“The Mark of Gideon” Remastered Review + Screenshots & Video | TrekMovie.com
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“The Mark of Gideon” Remastered Review + Screenshots & Video June 1, 2008

by TrekMovie.com Staff , Filed under: Review,TOS-R Screenshots/Video , trackback

by Jeff Bond

An earnest but unexciting parable about overpopulation, “Mark of Gideon” is one of those third season episodes that doesn’t linger in the memory—it’s neither bad enough to match the depths of the third year’s legendary worsts or good enough to rank anywhere near the top of the season’s output.

“Gideon” is built on one of those gimmicks that got a workout during the run of Irwin Allen’s Voyage to the Bottom of the Sea: having everyone on the ship seemingly disappear to leave the series star free to wander the empty sets by himself for an hour. The benefits for the show’s budget are obvious: fewer faces on the screen means hours less makeup and costume work and you can send your extras home without pay. While Star Trek’s limited use of the device was for the most part justified by dramatic purpose, it’s still a gimmick and “Gideon” is the most egregious example of its use.

The plot (one of the scripters was no less than Stanley Adams, Cyrano Jones himself from “Trouble With Tribbles”) is almost an exercise in suspending disbelief. For the first time in the run of the series we see a very big deal made out of stating transporter coordinates (although this is covered by the idea that the planet Gideon is shielded from sensors and thus cannot be scanned for coordinates by the Enterprise, necessitating Gideon officials to feed the Enterprise crew coordinates directly); in spite of, or perhaps because of, this unusual arrangement, Spock is the only one in the transporter room to beam down Kirk when Scotty’s presence, or anyone around to notice the discrepancy in coordinates, would have been helpful. The biggest plot hole of all is the story’s conceit of the inhabitants of Gideon not only having the knowledge but the sheer room necessary to construct a fully functioning recreation of the Enterprise’s internal arrangement—one authentic enough to fool Kirk. The idea butts up against the entire concept of the story, and the logic of its utility never quite registers. There has been no disease or death on Gideon for centuries, and a dormant disease Kirk carries is to be used to infect the planet: but if Kirk and Onada (Sharon Acker of John Boorman’s great movie Point Blank and wearing a rare unflattering costume from Bill Theiss), the planetary leader’s daughter, really need to be isolated together for the disease to catch hold of her, wouldn’t there have been a number of far less elaborate and costly methods to achieve that goal? Another point: true the planet is shielded from sensors, but it is visible after all, and couldn’t visual scanners note the discrepancy between the planet’s reputation as a paradise and the physical evidence of a world clogged with people and running out of resources.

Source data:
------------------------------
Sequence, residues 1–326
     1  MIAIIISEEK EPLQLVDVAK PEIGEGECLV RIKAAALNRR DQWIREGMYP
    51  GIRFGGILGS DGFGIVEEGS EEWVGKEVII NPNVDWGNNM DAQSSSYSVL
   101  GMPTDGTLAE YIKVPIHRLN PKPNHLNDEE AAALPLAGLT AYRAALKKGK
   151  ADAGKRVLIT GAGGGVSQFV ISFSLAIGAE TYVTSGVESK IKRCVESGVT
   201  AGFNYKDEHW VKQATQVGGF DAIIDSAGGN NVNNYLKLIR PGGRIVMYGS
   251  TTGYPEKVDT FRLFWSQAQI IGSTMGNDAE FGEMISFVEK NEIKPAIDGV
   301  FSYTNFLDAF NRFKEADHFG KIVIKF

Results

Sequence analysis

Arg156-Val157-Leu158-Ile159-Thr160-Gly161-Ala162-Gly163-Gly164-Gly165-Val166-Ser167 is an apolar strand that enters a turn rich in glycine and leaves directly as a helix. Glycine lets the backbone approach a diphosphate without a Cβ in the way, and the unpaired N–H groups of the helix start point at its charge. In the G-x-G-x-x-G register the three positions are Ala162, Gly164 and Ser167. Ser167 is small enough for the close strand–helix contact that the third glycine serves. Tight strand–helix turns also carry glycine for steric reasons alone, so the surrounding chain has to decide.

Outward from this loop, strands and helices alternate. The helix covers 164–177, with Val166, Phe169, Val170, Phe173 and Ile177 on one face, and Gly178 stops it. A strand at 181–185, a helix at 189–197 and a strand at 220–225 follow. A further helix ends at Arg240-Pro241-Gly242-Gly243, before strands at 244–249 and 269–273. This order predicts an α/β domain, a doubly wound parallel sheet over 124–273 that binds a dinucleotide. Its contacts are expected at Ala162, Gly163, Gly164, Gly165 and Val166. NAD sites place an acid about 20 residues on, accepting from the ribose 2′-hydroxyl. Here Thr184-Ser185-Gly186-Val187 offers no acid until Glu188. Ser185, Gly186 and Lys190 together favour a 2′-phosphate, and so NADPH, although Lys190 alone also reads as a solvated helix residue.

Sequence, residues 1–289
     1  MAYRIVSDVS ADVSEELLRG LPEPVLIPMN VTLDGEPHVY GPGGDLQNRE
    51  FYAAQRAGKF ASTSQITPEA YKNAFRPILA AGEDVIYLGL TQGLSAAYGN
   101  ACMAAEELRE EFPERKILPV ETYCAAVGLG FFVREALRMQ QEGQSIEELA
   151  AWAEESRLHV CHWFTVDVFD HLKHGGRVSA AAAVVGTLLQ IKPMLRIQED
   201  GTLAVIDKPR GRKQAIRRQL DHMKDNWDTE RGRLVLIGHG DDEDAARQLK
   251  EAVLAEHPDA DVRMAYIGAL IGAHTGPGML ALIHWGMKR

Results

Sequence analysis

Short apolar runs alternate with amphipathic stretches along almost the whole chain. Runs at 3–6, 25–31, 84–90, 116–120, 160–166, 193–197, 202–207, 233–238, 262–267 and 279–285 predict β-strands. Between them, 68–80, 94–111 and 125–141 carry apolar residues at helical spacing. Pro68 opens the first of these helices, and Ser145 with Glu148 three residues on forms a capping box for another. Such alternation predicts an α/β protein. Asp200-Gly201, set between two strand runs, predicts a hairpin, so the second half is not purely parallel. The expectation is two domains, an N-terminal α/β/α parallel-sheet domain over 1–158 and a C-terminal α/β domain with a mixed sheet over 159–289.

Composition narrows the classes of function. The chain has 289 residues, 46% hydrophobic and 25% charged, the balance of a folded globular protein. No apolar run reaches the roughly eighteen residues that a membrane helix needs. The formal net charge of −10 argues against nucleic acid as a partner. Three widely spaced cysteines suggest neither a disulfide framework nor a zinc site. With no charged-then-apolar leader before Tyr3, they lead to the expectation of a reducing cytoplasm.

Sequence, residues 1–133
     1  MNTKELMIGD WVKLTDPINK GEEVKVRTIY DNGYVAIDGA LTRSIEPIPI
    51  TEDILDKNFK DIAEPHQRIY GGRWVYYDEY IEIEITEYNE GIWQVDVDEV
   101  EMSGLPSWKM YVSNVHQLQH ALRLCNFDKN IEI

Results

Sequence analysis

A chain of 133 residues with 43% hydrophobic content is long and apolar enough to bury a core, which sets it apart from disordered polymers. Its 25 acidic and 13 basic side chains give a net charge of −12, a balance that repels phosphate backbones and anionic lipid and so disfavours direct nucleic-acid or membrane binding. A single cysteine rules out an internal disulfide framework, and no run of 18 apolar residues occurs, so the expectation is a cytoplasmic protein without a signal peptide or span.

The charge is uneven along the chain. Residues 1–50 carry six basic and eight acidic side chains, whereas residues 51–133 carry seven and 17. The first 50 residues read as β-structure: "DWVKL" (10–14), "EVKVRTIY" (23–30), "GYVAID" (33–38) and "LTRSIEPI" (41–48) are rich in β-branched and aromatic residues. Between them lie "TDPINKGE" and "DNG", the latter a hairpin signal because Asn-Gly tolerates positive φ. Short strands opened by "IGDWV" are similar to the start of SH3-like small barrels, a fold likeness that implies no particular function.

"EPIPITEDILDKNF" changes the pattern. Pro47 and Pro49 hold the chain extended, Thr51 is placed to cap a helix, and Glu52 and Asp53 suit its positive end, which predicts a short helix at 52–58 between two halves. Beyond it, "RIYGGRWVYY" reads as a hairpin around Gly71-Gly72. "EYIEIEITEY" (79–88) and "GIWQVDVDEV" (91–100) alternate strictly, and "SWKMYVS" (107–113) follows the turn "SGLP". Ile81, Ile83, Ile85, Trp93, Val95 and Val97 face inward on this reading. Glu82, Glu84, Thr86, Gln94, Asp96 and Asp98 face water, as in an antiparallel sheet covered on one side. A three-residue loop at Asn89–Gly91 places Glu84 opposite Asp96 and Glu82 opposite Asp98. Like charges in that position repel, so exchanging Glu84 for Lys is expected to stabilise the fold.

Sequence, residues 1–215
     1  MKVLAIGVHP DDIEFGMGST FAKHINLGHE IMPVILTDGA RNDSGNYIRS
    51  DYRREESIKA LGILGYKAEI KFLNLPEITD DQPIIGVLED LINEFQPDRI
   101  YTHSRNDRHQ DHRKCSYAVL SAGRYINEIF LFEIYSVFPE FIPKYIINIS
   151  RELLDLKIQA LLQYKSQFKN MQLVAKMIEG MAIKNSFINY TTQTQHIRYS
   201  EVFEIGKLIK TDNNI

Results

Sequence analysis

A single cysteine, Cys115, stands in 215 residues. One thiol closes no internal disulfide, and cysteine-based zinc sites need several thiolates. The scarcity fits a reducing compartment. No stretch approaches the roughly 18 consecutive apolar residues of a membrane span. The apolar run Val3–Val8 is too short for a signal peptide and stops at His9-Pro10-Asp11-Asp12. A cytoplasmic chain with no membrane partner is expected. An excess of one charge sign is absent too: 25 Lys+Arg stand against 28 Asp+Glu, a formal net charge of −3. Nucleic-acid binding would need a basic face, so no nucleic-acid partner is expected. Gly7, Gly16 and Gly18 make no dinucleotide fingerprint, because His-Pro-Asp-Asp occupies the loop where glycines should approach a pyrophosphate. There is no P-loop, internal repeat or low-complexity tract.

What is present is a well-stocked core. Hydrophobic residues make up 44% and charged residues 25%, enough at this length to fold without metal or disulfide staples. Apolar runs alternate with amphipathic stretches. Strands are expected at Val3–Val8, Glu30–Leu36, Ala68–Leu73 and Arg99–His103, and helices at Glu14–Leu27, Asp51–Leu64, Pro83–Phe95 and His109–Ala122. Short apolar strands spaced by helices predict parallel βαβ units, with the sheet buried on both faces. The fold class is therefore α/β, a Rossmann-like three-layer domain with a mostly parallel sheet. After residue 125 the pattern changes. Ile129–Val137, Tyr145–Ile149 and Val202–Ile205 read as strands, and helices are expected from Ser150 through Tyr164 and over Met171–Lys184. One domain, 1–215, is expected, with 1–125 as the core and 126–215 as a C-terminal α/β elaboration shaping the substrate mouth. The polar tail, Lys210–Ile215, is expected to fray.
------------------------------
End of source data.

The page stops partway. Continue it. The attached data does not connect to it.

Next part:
Nevertheless, the episode isn’t entirely without merits, even though they’re of a cheap variety. David Hurst does a highly efficient job of being unctuous, huffy and annoying, driving Spock, McCoy and Scotty crazy on the bridge of the real Enterprise as they try to negotiate an answer to the mystery. And for the first few scenes at least there is an admitted curiousity value to Kirk’s predicament. Acker wrestles with another one of Trek’s fawn-like alien female roles, dispensing information about her planet and dancing around the empty Enterprise corridors in delight. The mystery of the planet also creates some effectively creepy moments of horror that are unusual for the series, like the pulsing sounds of heartbeats of thousands of people pressed up against the false Enterprise’s walls, and the fleeting image of Gideon inhabitants pressed up against a window of the ship (a moment oddly similar to another famous Shatner career highlight, his sighting of a gremlin pressing its face up against the window of an airliner just outside his seat in the Twilight Zone episode “Nightmare at 20,000 Feet”).

Ultimately “Gideon” is undone by a denouement that struggles for tragic resonance but can’t make up its mind about the Gideon people—if they worship life to the extent stated in the episode, how can they truly reconcile initiating a plague on the scale that’s discussed here? The idea almost seems more like the rulers of Gideon are looking for a scapegoat for what will surely be a politically risky solution to their problems.